Autoworkers worry what an electric future may bring

Because of how common the refrigerators became, our milkman disappeared. Ever since direct dialing came to be, switchboard operators were nowhere to be seen. Now when it comes to the car industry, auto workers are worried about how the engine assembler will lead to battery builders.

What fears them is the thought that plug-in cars (which have a lesser number of parts and need lesser manpower to be built) will endanger the auto jobs that aided in triggering the very first United Auto Workers strike opposite General Motors in more than ten years. Fiat Chrysler and Ford are planning to launch their battery-run models in the approaching years. Consequently, the companies could be landing the same fate if they are unable to counter UAW’s worries regarding how this wide-scale embracing of EVs may threaten the employment of some 35,000 members of the union.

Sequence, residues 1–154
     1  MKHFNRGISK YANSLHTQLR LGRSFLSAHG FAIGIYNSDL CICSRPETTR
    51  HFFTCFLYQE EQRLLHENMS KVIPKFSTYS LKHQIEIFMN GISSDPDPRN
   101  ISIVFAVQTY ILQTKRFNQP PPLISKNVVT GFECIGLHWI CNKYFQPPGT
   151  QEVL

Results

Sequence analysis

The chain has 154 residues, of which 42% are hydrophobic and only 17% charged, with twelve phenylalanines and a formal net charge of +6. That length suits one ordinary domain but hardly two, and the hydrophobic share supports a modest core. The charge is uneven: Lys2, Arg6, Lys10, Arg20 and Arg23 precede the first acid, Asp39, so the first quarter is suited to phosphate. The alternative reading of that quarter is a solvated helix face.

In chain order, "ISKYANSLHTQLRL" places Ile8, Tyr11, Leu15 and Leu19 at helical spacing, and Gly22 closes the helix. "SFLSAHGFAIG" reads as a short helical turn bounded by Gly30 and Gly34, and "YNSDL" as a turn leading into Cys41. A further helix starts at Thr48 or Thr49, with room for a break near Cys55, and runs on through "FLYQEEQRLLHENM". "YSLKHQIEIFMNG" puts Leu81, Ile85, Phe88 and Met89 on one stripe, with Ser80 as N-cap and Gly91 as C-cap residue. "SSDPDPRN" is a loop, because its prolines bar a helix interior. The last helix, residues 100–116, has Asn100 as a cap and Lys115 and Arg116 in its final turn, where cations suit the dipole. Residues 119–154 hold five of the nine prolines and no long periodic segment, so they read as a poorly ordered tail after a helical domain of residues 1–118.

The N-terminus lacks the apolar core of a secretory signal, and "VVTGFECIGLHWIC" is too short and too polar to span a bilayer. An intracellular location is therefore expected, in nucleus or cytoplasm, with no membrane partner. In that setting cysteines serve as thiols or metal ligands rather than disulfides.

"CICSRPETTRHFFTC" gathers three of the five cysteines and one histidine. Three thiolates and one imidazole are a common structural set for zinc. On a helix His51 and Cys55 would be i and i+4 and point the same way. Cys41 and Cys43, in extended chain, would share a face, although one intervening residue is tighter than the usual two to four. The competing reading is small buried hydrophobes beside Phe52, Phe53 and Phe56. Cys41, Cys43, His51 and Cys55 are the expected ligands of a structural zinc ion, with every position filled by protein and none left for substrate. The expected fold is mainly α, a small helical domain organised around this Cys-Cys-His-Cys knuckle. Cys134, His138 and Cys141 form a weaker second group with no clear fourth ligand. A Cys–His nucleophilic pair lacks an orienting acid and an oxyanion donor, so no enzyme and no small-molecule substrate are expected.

The president of the UAW local which represents the employees at a Fiat Chrysler transmission components plant situated near Toledo, Ohio, Tim Walbolt stated how it is possible that their jobs may be gone now that they won’t be needed anymore. He added that the idea is frightening.

The time of EVs is still very much in its early stages. Zero-emission autos have only reached 2% of international manufacture.

According to research of EV manufacturing in Europe by AlixPartners, it was observed how it required 40% lesser number of hours to put together an electric motor and battery, relative to the conventional internal-combustion engine and transmission.

The head of AlixPartners’ automotive practice, Mark Wakefield said how, from the labor’s perspective, this was a bad news story, since there would be a fewer requirement of people.